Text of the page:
The World Economic Forum (WEF)’s annual meeting of global leaders is taking place in the Swiss resort town this week, with David Attenborough attending to offer a stark assessment of global warming trends.
But the Air Charter Service (ACS), a company arranging flights around the world, has estimated there could be a record number of carbon-emitting private jet flights in and out of Davos for the duration of the event.
The previous high was recorded at the 2018 summit.
Andy Christie, private jets director at Air Charter Service, said: “Last year was the busiest year for private jets so far, showing an 11 per cent increase on 2017, with more than 1,300 aircraft movements.
“If we see a similar increase this year, we could be looking at almost 1,500 aircraft movements over the six days.”
Mr Christie called Davos the “Super Bowl or Champions League final” of the private jet industry, and said top business leaders hated being “outdone” by rivals on the size of the aircraft.
“Top countries involved in terms of arrivals in and departures out of the local airports over the past five years have typically been Germany, France, UK, USA, Russia and UAE, in that order,” he explained.
“There appears to be a trend towards larger aircraft, with expensive heavy jets the aircraft of choice, with Gulfstream GVs and Global Expresses both being used more than 100 times each last year. This is at least in part due to some of the long distances travelled, but also possibly due to business rivals not wanting to be seen to be outdone by one another.”
The WEF's latest global risk report placed environmental challenges, including the failure to tackle climate change, as the top threat to the global economy.
Interviewed by Prince William at Davos on Tuesday, Mr Attenborough drew a standing ovation after warning that the planet faces destruction if climate change is not dealt with imminently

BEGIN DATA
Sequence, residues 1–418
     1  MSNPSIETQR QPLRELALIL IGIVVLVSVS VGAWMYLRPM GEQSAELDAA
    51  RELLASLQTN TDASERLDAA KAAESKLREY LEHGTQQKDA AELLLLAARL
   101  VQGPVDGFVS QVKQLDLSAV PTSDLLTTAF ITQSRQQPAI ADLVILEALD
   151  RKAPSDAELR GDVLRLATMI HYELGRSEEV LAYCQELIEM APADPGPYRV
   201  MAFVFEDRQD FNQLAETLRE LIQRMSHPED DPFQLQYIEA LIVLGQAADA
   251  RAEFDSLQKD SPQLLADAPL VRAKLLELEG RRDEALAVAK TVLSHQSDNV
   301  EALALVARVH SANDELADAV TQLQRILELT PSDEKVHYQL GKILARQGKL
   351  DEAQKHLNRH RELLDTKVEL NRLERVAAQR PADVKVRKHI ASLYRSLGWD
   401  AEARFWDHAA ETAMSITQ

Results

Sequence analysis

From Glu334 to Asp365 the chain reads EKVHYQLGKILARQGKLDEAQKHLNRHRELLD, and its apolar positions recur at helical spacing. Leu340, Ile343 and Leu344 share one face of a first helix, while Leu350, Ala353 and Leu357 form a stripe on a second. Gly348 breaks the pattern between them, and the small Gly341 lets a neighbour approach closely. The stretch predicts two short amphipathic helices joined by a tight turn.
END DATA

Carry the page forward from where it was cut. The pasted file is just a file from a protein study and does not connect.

“We are seeing that almost everything we do has its echoes and has its implications across the natural world,” he said. “The mechanisms that we have for destruction are so wholesale and so frightening that we have actually exterminated whole ecosystems without even noticing.”
The renowned naturalist was followed at the forum by Brazilian president Jair Bolsonaro, who pledged to work in “harmony with the world” to cut carbon emissions despite a previous threat to pull out of the Paris agreement on climate change.
“The environment must go hand-in-hand with development efforts: One should not of course emphasize one more than the other,” said Mr Bolsonaro.
U2 frontman Bono spoke at Davos on Wednesday morning, telling business leaders that capitalism is not immoral: “It’s amoral.”
The singer and development campaigner said capitalism has taken more people out of poverty than “any other ism” but that “it is a wild beast and if not tamed it can chew up a lot of people on the way".
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